Transition Girl

Why transition girl?... Best answered by a quote from the Iliad....."The soul was not made to dwell in a thing; and when forced to it, there is no part of that soul but suffers violence."

Friday, April 23, 2010

procrastination moment number 63 (today)

The start of the football season always poses a challenge for me in terms of distraction from the writing task. And, on a particularly wet day like today, when I am attempting my best hermit writing effort, it is surprisingly easier to curl up on the couch for a few hours to watch a game instead.

I’ve been a fan of (the unique) Australian Rules football since I was thirteen. It was the year I first moved out of the city to the countryside, and (in the nearest small town) there was not that much to do except gossip about the strangers in school (that is, my brothers and me) and talk about football and cattle.

It was the first time I had lived in a place where I could not blend into the surrounds and be anonymous. I could not pretend to be a tree.

Karen, the daughter of a nearby neighbour, introduced me to all that is great about football. I use the term “nearby” loosely – her house was a three kilometre trek across two paddocks and through a small gully. (She also introduced me to all that is great about cricket to round out my training as an archetypal Australian sports fan.)

Karen was body and soul a sports fanatic, wearing her paraphernalia all year round (she would wear it at school if she thought she could escape the Principal’s wrath for violating the dress code), tomboy look all round complete with the short dark messy curled hair. She had one of those smiles that always looked like she had done something wrong, which is probably why she got into trouble all the time with the teachers, whether she was guilty or not.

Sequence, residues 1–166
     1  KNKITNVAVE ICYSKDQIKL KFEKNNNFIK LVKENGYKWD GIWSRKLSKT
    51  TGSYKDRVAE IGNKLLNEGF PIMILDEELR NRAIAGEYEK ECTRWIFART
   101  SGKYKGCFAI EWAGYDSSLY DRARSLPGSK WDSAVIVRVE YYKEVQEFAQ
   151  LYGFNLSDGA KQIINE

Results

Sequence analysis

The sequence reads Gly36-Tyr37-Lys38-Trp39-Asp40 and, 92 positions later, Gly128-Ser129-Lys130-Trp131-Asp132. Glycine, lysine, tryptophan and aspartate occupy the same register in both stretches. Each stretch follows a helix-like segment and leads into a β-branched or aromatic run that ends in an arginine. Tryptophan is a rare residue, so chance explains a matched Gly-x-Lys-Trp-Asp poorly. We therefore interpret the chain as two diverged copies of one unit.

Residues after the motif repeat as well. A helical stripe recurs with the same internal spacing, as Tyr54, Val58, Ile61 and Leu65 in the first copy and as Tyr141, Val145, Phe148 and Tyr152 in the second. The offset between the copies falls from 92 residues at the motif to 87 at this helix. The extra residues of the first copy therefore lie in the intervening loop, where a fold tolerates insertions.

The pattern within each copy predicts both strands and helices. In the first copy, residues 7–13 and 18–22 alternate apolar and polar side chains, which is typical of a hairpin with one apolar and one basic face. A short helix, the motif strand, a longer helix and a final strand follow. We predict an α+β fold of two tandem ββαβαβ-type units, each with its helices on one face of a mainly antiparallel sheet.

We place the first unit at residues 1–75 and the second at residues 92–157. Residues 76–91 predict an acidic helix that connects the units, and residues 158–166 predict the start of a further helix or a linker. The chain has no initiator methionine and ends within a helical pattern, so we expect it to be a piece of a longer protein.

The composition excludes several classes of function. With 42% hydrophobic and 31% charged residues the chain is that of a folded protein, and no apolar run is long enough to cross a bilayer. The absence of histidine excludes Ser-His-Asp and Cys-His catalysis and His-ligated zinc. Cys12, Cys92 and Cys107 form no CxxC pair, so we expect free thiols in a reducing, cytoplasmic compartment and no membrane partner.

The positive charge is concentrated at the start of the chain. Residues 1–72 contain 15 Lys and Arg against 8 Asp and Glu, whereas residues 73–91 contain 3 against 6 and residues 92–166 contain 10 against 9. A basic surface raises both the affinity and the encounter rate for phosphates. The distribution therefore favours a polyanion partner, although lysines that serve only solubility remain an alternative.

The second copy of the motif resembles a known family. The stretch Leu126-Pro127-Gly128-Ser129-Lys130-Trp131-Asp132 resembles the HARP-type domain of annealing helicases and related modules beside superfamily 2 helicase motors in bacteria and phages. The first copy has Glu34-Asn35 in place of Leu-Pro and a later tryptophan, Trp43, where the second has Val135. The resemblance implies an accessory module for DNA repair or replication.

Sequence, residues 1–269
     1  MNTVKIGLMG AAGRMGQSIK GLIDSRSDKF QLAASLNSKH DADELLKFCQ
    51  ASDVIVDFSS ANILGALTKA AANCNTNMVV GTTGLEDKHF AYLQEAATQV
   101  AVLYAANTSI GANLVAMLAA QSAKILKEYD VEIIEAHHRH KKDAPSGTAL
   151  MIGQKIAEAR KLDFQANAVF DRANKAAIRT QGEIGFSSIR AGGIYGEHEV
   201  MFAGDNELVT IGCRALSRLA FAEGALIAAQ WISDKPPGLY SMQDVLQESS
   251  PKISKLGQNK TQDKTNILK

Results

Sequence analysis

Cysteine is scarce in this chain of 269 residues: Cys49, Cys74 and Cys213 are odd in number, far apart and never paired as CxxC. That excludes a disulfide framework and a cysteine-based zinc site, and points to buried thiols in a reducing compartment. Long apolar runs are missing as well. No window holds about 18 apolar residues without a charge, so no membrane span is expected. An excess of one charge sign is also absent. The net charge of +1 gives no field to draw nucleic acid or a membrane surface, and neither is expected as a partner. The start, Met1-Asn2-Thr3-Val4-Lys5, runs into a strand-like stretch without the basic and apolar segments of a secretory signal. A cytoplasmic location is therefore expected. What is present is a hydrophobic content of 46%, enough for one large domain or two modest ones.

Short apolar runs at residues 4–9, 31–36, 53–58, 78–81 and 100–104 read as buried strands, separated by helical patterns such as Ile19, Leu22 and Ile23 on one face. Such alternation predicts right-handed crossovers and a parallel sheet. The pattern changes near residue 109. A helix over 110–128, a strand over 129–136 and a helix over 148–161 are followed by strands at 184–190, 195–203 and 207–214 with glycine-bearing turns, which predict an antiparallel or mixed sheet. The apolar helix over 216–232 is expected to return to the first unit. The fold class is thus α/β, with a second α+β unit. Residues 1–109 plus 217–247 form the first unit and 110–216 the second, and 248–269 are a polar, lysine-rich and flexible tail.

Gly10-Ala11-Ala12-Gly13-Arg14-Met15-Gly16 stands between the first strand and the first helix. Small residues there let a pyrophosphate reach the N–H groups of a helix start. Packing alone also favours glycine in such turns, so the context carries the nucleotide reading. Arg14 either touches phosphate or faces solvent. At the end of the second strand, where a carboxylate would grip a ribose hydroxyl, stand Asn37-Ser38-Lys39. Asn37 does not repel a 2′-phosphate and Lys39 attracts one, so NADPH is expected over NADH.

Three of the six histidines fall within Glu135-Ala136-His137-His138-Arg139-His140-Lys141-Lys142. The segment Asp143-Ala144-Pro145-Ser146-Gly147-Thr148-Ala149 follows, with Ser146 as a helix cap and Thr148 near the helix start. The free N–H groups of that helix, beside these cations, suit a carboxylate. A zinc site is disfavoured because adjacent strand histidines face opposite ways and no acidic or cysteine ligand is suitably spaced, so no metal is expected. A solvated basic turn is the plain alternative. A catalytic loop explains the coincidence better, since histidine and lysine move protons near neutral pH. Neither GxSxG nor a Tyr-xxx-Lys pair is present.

Karen was considered an outsider, having moved with her family from Melbourne surrounds to this quiet country precinct in NSW a few years earlier - because she was not born a local. In contrast, I considered myself a fringe dweller.

Yes, I admit it, I may have seemed young to be engaging in exclusionary behaviour but I was actually much younger when I first started separating myself. Seven years old in fact – second grade – brand new school (yes, another one) – I did not utter a single word for two weeks. My teacher at the time had called my mother into school to ask her if I was mute. I just was not much in the mood for talking.

Some days I didn’t think there was too much difference between the concepts of outsider and fringe dweller but most of the time I thought there was one fundamental contrast.

I perceived one (the outsider) as personifying a person who wanted to be a part of the crowd and the other (the fringe dweller) as embodying a person who wanted to be on the side-lines of a crowd. One struggled to become a part of a crowd, the other fought to stay apart. What they had in common was not being a part of the crowd.

Whatever brought us together, she missed her weekly pilgrimage to hallowed football grounds to watch her favourite team. In the early days after she adopted me as a friend, we spent many a Saturday afternoon in front of the weekly television telecast of the game of the week. She spent most of the time teaching me the ways of a fanatical fan.

Many of my obsessive habits to this day stem from those early teachings.

I suppose talking about Karen might not be accurately described as a procrastination moment. It’s probably better defined as a moment in my life where the comfort of time spent with a near stranger provided refuge. I found those lazy Saturday afternoons shouting at the television screen cathartic. I still do.

I would almost go as far to say that it might have been a pivotal moment in my life because it was a snapshot of a time where I learned that fanaticism could take a mind away from anything that might have been plaguing my headspace.

Obsession, fanaticism, addiction – there’s not much difference between these traits and we all have them to a lesser or greater extent.

A monomaniacal child, a fanatical football fan – is it such a stretch to see that they can be stepping-stones into other forms of addiction. Surely the fungibility of these behaviours is obvious?

By the way, I am not saying that it is nefarious to be fanatical, obsessed or addicted to anything. It might be a fair conclusion given what I have written so far on these almost weekly notes but that is a harsh call to make.

I would never presume to make such judgments.

I am sometimes good; sometimes bad; never dull. And I am always easily distracted by the football...


Anonymous Anonymous said...

Addictive distraction I can understand. But Aussie Rules? I must admit I was never bitten by that particular bug. ;)

10:45 PM  

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